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Inflation Rate Soars in the Philippines

Prices in the Philippines have skyrocketed in recent months.  

In November, the inflation rate in the Philippines hit a 14-year high of 8%. By comparison, the inflation rate in the United States is currently at 7.1%.

In this Southeast Asian country of more than 113 million people, gasoline, rice, and even video game prices have risen sharply.

The Philippine peso has lost value against the U.S. dollar, making the situation worse. According to economists, an increased demand for goods and services after pandemic slowdowns, as well as recent severe storms, have led to an increase in the cost of fruits, vegetables, and other basic food items. Countries around the world are grappling with similar issues in the wake of the devastating coronavirus pandemic.  

“As a consumer, I’m affected negatively by inflation because it now costs more to buy anything I need,” said Elizabeth Coronel, a banking executive in the Philippines. “Inflation leads to an increase in the price of necessities.”

Coronel added that a weaker peso means investors from other countries will be less likely to invest in products made in the Philippines.


Dylan with Carl Choi, a currency trader in Metro Manila 


Rashard Ng, a student in Metro Manila, said that he’s feeling the pinch, too. The price of lunch in the school cafeteria has risen, and video games have become more expensive.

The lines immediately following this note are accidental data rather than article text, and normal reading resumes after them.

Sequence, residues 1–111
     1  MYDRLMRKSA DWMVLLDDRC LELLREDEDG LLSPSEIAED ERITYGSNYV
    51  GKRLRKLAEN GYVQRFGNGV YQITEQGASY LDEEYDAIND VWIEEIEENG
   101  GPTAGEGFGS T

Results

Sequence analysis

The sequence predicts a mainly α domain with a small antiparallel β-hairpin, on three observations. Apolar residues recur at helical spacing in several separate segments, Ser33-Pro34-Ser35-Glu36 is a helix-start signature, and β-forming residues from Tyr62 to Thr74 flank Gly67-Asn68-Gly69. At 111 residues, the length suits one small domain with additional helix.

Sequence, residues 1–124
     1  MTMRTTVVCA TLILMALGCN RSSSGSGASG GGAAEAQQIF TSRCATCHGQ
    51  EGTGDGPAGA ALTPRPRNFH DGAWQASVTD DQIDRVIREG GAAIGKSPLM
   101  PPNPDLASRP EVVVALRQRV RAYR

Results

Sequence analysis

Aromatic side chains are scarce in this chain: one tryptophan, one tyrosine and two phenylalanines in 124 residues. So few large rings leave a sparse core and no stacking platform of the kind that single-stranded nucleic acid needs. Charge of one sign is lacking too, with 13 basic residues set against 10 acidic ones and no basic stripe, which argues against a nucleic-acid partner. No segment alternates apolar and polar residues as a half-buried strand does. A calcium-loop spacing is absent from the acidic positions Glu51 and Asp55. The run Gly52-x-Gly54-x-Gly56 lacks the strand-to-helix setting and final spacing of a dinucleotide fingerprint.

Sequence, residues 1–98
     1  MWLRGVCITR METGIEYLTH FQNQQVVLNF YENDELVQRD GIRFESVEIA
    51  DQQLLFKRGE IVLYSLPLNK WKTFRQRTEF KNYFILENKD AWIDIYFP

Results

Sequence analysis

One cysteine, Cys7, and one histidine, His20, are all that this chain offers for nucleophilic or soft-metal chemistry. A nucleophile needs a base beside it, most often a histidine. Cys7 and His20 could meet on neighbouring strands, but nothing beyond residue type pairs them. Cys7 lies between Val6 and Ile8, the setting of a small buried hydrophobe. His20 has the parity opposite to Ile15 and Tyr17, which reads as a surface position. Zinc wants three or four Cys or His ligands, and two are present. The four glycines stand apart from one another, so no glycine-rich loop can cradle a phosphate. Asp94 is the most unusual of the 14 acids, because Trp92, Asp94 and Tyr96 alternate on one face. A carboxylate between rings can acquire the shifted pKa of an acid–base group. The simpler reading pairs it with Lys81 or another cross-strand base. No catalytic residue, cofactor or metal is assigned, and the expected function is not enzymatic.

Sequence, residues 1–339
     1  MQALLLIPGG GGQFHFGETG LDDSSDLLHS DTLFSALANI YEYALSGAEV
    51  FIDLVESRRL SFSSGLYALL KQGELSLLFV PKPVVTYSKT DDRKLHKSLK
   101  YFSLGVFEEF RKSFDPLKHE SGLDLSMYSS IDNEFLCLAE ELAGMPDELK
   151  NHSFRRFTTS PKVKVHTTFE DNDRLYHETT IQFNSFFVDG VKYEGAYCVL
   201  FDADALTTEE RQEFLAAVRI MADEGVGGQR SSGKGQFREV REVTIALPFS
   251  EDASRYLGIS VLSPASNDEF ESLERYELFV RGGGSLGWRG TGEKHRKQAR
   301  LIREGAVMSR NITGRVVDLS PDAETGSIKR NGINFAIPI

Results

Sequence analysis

Carl Choi, a currency trader, said that if the value of the peso gets stronger, prices will decrease. “The Philippines relies on buying a majority of our goods, including basic necessities, from other countries,” he said. “With a stronger peso, imported goods would be cheaper.”

When the value of the peso declines against the U.S. dollar, purchasing power in the Philippines is weakened.


Philippine President Ferdinand Marcos Jr. has expressed concern about the economic hardships Filipinos are facing. “Inflation is running rampant and out of control,” he said recently.

According to a survey conducted in October, 36% of adult Filipinos are unhappy with the way Marcos and his administration are handling the economy. Still, the president, who took office in June, is hopeful that the country can avoid a recession by importing fewer products. 


Top and bottom photos ©: Satoshi-K / Getty Images; ThamKC / Getty Images; middle photo courtesy of the author